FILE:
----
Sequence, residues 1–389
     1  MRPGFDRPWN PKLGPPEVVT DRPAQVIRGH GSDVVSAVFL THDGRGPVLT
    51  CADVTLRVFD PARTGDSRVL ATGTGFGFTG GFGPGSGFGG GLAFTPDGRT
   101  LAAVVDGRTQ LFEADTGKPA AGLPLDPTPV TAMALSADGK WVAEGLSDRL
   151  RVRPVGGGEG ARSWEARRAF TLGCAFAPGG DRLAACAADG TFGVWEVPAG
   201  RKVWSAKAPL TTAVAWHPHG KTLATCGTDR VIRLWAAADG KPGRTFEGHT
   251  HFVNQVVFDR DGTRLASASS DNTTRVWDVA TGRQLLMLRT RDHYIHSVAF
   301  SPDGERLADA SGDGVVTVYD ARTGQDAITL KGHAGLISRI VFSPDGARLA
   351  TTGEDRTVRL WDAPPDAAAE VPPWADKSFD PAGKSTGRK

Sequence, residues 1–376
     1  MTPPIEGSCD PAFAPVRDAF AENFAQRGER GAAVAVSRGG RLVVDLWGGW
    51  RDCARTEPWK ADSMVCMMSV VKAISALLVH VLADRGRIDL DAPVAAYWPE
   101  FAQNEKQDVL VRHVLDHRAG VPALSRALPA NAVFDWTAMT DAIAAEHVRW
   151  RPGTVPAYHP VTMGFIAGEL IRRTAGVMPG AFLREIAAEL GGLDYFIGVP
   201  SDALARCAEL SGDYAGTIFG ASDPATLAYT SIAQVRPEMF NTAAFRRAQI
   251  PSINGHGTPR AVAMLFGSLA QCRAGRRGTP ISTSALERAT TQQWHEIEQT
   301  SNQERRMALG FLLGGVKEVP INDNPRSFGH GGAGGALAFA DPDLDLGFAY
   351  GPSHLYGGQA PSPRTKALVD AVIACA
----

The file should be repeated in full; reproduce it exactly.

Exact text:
Sequence, residues 1–389
     1  MRPGFDRPWN PKLGPPEVVT DRPAQVIRGH GSDVVSAVFL THDGRGPVLT
    51  CADVTLRVFD PARTGDSRVL ATGTGFGFTG GFGPGSGFGG GLAFTPDGRT
   101  LAAVVDGRTQ LFEADTGKPA AGLPLDPTPV TAMALSADGK WVAEGLSDRL
   151  RVRPVGGGEG ARSWEARRAF TLGCAFAPGG DRLAACAADG TFGVWEVPAG
   201  RKVWSAKAPL TTAVAWHPHG KTLATCGTDR VIRLWAAADG KPGRTFEGHT
   251  HFVNQVVFDR DGTRLASASS DNTTRVWDVA TGRQLLMLRT RDHYIHSVAF
   301  SPDGERLADA SGDGVVTVYD ARTGQDAITL KGHAGLISRI VFSPDGARLA
   351  TTGEDRTVRL WDAPPDAAAE VPPWADKSFD PAGKSTGRK

Sequence, residues 1–376
     1  MTPPIEGSCD PAFAPVRDAF AENFAQRGER GAAVAVSRGG RLVVDLWGGW
    51  RDCARTEPWK ADSMVCMMSV VKAISALLVH VLADRGRIDL DAPVAAYWPE
   101  FAQNEKQDVL VRHVLDHRAG VPALSRALPA NAVFDWTAMT DAIAAEHVRW
   151  RPGTVPAYHP VTMGFIAGEL IRRTAGVMPG AFLREIAAEL GGLDYFIGVP
   201  SDALARCAEL SGDYAGTIFG ASDPATLAYT SIAQVRPEMF NTAAFRRAQI
   251  PSINGHGTPR AVAMLFGSLA QCRAGRRGTP ISTSALERAT TQQWHEIEQT
   301  SNQERRMALG FLLGGVKEVP INDNPRSFGH GGAGGALAFA DPDLDLGFAY
   351  GPSHLYGGQA PSPRTKALVD AVIACA